Despite concern about the impact of financial incentives on physician behavior, little is known about patients' attitudes toward these incentives.
To assess patient attitudes toward physician compensation models and to explore patient characteristics associated with these attitudes.
We mailed a survey to 2000 adult patients in a large New England health maintenance organization. We asked about their trust in their primary care physician; discomfort with compensation models of salary with withhold (salary), fee-for-service with withhold, and group capitation (capitation).
One thousand one hundred twenty-five (56%) of the 2000 patients who responded expressed varying levels of discomfort with the proposed compensation models: 16% for salary, 25% for fee-for-service with withhold, and 53% for capitation (P<.001). Patients who knew their primary care physician was paid through capitation did not report less trust in their primary care physician but still frequently expressed discomfort (46%) with capitation. Among all respondents, those who were younger, white, had better health, had a higher income, were more educated, and who lacked a very trusting relationship with a primary care physician were more likely to report discomfort with both capitation and fee-for-service with withhold. In multivariable analyses, discomfort with capitation was more common among white patients (odds ratio, 2.6; 95% confidence interval, 1.6-4.2), patients with incomes exceeding $20 000 (odds ratio, 3.7; 95% confidence interval, 2.3-6.1), and college-educated patients (odds ratio, 2.0; 95% confidence interval, 1.4-2.7).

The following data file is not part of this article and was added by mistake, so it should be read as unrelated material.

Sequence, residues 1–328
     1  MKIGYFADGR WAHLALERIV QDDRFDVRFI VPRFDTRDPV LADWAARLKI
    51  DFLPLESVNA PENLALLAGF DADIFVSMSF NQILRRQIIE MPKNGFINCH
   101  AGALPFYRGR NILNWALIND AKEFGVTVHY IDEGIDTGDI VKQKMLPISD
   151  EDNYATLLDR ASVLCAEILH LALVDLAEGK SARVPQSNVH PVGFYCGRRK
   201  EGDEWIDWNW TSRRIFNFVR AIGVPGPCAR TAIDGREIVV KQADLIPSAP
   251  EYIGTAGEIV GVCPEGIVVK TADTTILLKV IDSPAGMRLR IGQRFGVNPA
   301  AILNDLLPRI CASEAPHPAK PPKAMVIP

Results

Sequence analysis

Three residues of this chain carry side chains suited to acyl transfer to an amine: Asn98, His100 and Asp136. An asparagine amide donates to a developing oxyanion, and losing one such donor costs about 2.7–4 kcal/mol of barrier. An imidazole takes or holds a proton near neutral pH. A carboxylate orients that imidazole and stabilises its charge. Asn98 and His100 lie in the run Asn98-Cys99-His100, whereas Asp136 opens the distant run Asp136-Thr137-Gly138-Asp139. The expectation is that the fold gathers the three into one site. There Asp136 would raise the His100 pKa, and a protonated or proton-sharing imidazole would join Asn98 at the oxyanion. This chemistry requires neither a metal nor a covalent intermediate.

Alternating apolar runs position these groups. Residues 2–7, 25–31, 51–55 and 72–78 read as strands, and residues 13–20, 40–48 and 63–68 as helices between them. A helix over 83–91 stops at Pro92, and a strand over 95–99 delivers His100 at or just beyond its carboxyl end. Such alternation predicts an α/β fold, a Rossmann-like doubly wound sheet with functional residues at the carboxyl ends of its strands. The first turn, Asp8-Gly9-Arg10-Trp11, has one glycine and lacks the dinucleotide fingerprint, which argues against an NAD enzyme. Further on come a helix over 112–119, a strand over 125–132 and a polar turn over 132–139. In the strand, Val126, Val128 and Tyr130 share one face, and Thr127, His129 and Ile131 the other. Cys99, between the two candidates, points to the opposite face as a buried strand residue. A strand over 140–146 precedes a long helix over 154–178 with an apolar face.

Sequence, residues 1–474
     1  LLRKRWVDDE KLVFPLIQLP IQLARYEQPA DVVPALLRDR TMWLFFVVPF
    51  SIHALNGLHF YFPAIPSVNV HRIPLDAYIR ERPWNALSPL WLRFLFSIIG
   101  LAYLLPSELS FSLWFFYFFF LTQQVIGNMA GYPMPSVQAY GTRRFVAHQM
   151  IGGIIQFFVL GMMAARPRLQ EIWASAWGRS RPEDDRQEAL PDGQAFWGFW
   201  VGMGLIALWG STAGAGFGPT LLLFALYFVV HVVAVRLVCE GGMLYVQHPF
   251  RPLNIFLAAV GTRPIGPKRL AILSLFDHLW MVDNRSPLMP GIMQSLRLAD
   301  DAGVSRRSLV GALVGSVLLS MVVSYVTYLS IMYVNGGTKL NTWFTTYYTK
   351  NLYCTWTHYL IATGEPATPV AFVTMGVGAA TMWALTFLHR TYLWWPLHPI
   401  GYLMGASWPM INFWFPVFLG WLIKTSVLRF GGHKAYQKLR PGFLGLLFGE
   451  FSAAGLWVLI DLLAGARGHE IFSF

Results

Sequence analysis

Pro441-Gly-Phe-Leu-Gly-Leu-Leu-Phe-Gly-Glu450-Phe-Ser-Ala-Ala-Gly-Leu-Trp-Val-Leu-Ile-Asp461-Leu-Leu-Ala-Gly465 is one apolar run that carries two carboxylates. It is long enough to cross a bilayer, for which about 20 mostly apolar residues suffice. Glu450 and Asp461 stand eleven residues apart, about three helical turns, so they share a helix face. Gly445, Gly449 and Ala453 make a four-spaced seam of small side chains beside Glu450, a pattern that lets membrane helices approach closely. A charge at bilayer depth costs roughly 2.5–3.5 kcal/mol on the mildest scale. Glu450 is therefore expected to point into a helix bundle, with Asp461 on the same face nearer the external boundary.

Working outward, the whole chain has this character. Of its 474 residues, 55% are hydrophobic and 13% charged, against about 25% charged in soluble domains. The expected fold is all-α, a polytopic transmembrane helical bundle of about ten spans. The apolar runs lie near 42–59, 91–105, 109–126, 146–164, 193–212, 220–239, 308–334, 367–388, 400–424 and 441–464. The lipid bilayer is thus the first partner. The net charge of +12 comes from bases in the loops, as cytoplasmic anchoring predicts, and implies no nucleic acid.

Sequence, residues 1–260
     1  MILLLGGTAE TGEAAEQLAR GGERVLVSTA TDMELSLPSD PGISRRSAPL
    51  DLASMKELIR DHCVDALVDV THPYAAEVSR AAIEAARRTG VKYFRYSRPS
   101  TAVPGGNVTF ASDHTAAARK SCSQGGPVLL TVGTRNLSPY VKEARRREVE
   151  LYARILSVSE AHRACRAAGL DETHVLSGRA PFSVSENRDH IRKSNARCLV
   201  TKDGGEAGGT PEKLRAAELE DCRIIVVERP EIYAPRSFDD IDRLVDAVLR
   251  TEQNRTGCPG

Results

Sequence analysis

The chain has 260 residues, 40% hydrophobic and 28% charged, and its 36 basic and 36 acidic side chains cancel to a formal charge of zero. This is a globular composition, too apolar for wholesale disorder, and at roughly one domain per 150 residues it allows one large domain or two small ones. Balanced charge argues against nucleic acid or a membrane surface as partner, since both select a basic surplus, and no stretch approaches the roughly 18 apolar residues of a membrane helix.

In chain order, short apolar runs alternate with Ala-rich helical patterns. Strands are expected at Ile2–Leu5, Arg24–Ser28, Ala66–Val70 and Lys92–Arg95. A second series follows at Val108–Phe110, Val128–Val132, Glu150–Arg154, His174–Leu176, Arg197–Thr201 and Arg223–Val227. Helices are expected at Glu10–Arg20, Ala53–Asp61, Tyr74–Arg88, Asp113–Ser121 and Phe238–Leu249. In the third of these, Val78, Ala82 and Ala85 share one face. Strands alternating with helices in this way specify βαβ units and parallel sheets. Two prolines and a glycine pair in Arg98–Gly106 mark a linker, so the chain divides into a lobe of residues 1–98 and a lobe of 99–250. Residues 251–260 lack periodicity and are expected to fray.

Most patients were uncomfortable with 1 or more of the 3 common methods used to pay physicians. Discomfort was highest with capitation and was more likely among wealthier, well-educated, white patients. With capitation increasing nationally, patients' concerns should be considered in the design of compensation agreements.